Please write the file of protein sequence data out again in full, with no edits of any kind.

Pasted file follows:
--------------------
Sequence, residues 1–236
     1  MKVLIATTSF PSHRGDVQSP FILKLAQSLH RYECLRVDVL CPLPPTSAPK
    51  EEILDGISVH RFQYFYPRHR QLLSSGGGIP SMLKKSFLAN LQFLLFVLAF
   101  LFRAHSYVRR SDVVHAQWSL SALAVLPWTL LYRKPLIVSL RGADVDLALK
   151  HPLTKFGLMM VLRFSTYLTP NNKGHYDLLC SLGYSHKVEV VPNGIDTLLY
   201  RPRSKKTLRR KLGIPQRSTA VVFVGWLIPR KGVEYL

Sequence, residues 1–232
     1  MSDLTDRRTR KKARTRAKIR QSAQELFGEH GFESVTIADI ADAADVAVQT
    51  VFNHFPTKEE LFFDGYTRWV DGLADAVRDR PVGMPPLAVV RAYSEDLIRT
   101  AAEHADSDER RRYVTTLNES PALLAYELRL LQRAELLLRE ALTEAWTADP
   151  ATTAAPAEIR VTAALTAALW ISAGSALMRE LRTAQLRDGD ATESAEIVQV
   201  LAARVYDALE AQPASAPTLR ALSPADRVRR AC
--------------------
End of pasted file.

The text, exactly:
Sequence, residues 1–236
     1  MKVLIATTSF PSHRGDVQSP FILKLAQSLH RYECLRVDVL CPLPPTSAPK
    51  EEILDGISVH RFQYFYPRHR QLLSSGGGIP SMLKKSFLAN LQFLLFVLAF
   101  LFRAHSYVRR SDVVHAQWSL SALAVLPWTL LYRKPLIVSL RGADVDLALK
   151  HPLTKFGLMM VLRFSTYLTP NNKGHYDLLC SLGYSHKVEV VPNGIDTLLY
   201  RPRSKKTLRR KLGIPQRSTA VVFVGWLIPR KGVEYL

Sequence, residues 1–232
     1  MSDLTDRRTR KKARTRAKIR QSAQELFGEH GFESVTIADI ADAADVAVQT
    51  VFNHFPTKEE LFFDGYTRWV DGLADAVRDR PVGMPPLAVV RAYSEDLIRT
   101  AAEHADSDER RRYVTTLNES PALLAYELRL LQRAELLLRE ALTEAWTADP
   151  ATTAAPAEIR VTAALTAALW ISAGSALMRE LRTAQLRDGD ATESAEIVQV
   201  LAARVYDALE AQPASAPTLR ALSPADRVRR AC